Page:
Is Kaspersky antivirus blocking or throttling your VPN? Here’s what to do
Making all various applications a common Windows 10 user run nowadays isn’t always simple. For example, hundreds of users were unable to work they way around sudden VPN blockage suddenly imposed by the Kaspersky Antivirus solution. This isn’t a rare issue as VPNs and third-party Firewalls (they come as the part of the antivirus suite) don’t work together very well.
Nonetheless, we provided some solutions that should come in handy. Of course, it’s highly recommended to contact Kaspersky support if the issue is persistent after all workarounds are applied.
How to unblock VPN blocked by Kaspersky AV
- Whitelist the VPN
- Disable scanning of encrypted connections
- Upgrade or downgrade Kaspersky
- Check TAP drivers
- Reinstall the VPN
1: Whitelist the VPN
First things first. Let’s make sure that the Kaspersky security suite is responsible for VPN blockage or inconsistencies in connection speeds. Temporarily disable the antivirus by right-clicking on the icon in the Notification area and try using VPN again. If the Kaspersky antivirus is indeed to be blamed for VPN issues, you’ll need to manually create an exclusion for the VPN client.
- READ ALSO: What to do when antivirus blocks VPN
Now, regardless whether you did it before, it seems that an update for Kaspersky changed settings in an unfavorable way, blocking the outgoing VPN connections. We recommend also adding the exceptions for browsers, as the troubling patch allegedly affected the browsers the most, while other connection-related applications continued working just fine with the VPN enabled.
If you’re not sure how to do it, follow the instructions we provided below:
- Open Kaspersky from the notification area and then open Settings.
- Choose Protection.
- Select Firewall.
- Disable “Block network connections if the user cannot be prompted“.
- Select the VPN executable file and allow it to communicate through the firewall. Repeat this for all related applications.
- Save changes and try connecting again.
2: Disable scanning of encrypted connections
Some experienced users recommended disabling certain options in order to make the VPN work. One of the options which seemingly disrupts the VPN connectivity is “Scanning of encrypted connections”. Also, disabling “Inject Script into web traffic to interact with web pages” and “Automatically activate Kaspersky Protection extension in browsers” options might help, as well.
If you’re not sure how to do so, we provided the steps for all 3 options below.
- Start Kaspersky > Settings > Additional > Network > disable “Do not scan encrypted connections“.
- Start Kaspersky > Settings > Additional > Network > disable “Inject Script into web traffic to interact with web pages“.
- Open Kaspersky > Settings > Protection > Web-Antivirus settings > Advanced settings > disable “Automatically activate Kaspersky Protection extension in browsers“. Prior to this, we recommend uninstalling the extension from the browser.
3: Upgrade or downgrade Kaspersky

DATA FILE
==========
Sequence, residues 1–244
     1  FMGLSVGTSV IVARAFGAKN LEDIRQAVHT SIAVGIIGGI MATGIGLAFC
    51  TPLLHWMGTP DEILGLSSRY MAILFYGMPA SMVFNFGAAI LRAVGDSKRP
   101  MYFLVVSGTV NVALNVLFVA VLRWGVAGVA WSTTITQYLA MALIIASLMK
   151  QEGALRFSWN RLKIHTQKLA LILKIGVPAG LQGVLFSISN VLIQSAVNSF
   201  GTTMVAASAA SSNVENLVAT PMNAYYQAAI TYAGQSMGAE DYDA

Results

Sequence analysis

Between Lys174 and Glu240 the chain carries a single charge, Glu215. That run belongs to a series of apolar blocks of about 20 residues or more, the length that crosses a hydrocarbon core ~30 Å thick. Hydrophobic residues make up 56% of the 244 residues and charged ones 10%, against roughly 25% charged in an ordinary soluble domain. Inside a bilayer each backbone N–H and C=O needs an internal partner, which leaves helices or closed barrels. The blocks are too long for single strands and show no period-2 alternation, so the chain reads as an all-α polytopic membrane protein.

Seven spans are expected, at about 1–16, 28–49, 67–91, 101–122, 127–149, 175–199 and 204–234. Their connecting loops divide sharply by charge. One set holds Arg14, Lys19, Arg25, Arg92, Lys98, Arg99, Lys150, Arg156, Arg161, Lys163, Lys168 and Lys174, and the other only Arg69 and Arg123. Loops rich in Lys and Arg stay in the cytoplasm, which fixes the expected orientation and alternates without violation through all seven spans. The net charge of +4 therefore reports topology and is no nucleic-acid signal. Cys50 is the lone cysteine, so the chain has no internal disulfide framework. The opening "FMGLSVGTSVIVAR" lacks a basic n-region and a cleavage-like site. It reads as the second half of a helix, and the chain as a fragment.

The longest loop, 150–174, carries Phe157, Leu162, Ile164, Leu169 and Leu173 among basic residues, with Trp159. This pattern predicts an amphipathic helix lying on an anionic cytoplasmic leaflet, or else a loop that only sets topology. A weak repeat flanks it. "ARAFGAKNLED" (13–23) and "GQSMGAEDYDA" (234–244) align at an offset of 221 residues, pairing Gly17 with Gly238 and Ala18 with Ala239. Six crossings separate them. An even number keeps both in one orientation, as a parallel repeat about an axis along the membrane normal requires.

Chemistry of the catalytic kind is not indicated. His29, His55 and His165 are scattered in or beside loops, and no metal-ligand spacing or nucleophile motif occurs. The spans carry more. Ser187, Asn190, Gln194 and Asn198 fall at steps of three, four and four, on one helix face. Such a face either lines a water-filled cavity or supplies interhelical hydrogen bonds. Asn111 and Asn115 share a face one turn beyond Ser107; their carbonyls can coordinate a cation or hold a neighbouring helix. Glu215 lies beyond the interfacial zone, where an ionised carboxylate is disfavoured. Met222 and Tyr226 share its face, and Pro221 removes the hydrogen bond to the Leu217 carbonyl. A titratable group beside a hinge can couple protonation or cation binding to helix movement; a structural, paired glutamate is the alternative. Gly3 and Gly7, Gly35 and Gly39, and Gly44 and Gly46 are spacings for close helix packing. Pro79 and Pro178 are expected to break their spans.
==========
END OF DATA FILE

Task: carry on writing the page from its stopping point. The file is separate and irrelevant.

First and foremost, make sure that you’re having the latest Kaspersky patch. If that’s the case, upgrading/downgrading seems applicable. Furthermore, it seems that the version which broke VPN is Kaspersky 2017. Instead of waiting for the patch, some users decided to change the version of the antivirus, upgrading it or downgrading it in the process. If you have a license key, you can install almost all Kaspersky versions, so have that in mind.
The important thing is to skip on the upgrade prompts (Settings > Additional >Update, and uncheck the option to download new versions) if you, say, downgrade to Kaspersky 2016. What you’ll need to do is to keep hold of the license key and uninstall the current Kaspersky version. After that, navigate to the official site and download the version you deem functional. If you relly on VPN on the daily basis, you should probably consider this option.
Also, you can, free of charge, upgrade to Kaspersky’s version 2018 in the same manner.
4: Check TAP drivers
The affected VPN can have its share in this, even though Kaspersky is the main culprit. Namely, while waiting for the solution, some users meddled with the TAP adapter and its respective driver. For some reason, they had a much better connection after rolling back the drivers. TAP adapter is an essential part of VPN, so the relation is obvious.
Due to the apparent differences with every system (there are no 2 identically configured PCs), we can’t say with certainty whether this is a permanent solution. Nonetheless, it’s worth a try.
5: Reinstall the VPN
Finally, you can try and reinstall the affected VPN. By doing so, the application itself (VPN client) should reintegrate in the system shell. And maybe the problem won’t persist after that. We recommend using a third-party uninstaller to clean all the remaining files and registry entries left behind.
- READ ALSO: 5 best Windows 7 uninstallers
Follow these instructions to uninstall the VPN:
- In the Windows Search bar, type Control and open Control Panel from the list of results.
- From the Category view, click Uninstall a program under Programs.
- Right-click on your VPN solution and Uninstall it.
- Use IObit Uninstaller Pro (suggested) or any other third-party uninstaller to clean all remaining files and registry entries the VPN has made.
- Restart your PC.
- Download the latest version of the VPN of your choice (CyberGhostVPN is our choice) and install it.
That should do it. In case you have any questions or suggestions regarding the VPNs inability to work when paired with Kaspersky antivirus, feel free to tell us in the comments section below.
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